Presentation on theme: "From a ‘man’s home is his castle to criminal assault in the home: A brief history of family violence law & justice Professor Jude McCulloch School of Social."— Presentation transcript:
From a ‘man’s home is his castle to criminal assault in the home: A brief history of family violence law & justice Professor Jude McCulloch School of Social Sciences Monash University
Key phases in law 1.Women as male property (common law 16 th century). Family violence condoned. 2.Family violence a crime but not recognized as real crime (late 1950s-80s). Family violence accepted. 3.Family violence recognized as crime but not treated as serious crime (late 1980s onwards). Family violence tolerated. 4.Exclusion of family violence from the national security agenda challenged (the present). Family violence politicized.
Phase 1. ‘ A man’s home is his castle’ Sir Edward Coke 1604
Women as male property Until the late 19 th century upon marriage a woman lost any right to own property, which belong solely to her husband. Women and children classified as possessions of the husband and father.
Wives do not exist by marriage husband & wife are one person.. the very being or legal existence of the wife is suspended during marriage, or at least it is incorporated or consolidated into that of her husband... ’ ( Blackstone’s Commentaries on the Laws of England 1897).
Husband entitled to use force Husband has ‘by law power and dominion over his wife’ entitling him to keep her by force ‘within the bounds’ of duty. Could beat ‘but not in a cruel or violent manner’. (Coleridge, J, 1840)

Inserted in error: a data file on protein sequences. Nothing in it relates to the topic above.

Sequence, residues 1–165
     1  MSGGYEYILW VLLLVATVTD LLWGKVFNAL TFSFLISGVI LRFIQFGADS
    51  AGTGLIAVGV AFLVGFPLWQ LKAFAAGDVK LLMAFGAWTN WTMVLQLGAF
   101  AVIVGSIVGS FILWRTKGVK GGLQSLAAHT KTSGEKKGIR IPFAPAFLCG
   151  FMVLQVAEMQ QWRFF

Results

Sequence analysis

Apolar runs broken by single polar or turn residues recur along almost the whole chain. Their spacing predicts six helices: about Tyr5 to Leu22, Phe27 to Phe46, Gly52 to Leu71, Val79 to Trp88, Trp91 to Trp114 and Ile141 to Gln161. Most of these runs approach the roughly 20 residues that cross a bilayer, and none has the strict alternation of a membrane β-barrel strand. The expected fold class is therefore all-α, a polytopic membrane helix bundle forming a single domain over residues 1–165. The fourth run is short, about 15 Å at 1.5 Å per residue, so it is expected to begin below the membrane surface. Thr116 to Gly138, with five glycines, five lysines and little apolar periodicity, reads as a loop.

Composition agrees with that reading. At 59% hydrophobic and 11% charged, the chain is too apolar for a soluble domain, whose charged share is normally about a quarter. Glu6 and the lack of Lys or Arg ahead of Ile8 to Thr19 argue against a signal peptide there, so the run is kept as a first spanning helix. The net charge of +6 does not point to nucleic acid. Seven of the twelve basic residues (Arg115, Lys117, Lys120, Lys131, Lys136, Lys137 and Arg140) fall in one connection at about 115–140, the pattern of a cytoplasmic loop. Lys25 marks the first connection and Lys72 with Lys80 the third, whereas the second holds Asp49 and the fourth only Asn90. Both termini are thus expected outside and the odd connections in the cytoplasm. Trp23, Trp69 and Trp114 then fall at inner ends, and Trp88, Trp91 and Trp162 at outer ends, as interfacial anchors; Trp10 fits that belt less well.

Phase 2. ‘Just a domestic’ Family violence theoretically a crime but not recognized as real crime
Assault a crime regardless of intimate relationship
Police training ‘the primary object of the 'service' is the prevention of crime, the detection, arrest and bringing to justice of offenders. Due to the increased complexity of today's society, more demands are being made on the police officers outside their primary function. Police are invariably requested to involve themselves in 'domestic disturbances'.
Comparing risk more than twice as many women are killed each year in Australia in intimate partner homicides than people killed in Australia as a result of terrorism in the fourteen years since 2001.
What if? What is? ‘we are ignoring known threats to investigate potential ones’. (Vic Pol detective)
Opportunities and challenges Increased focus creates new opportunities Be aware of expedient but superficial ‘solutions’ Balance prevention and structural change with crisis intervention Improved criminal justice responses necessary but not sufficient to support women and achieve long- term change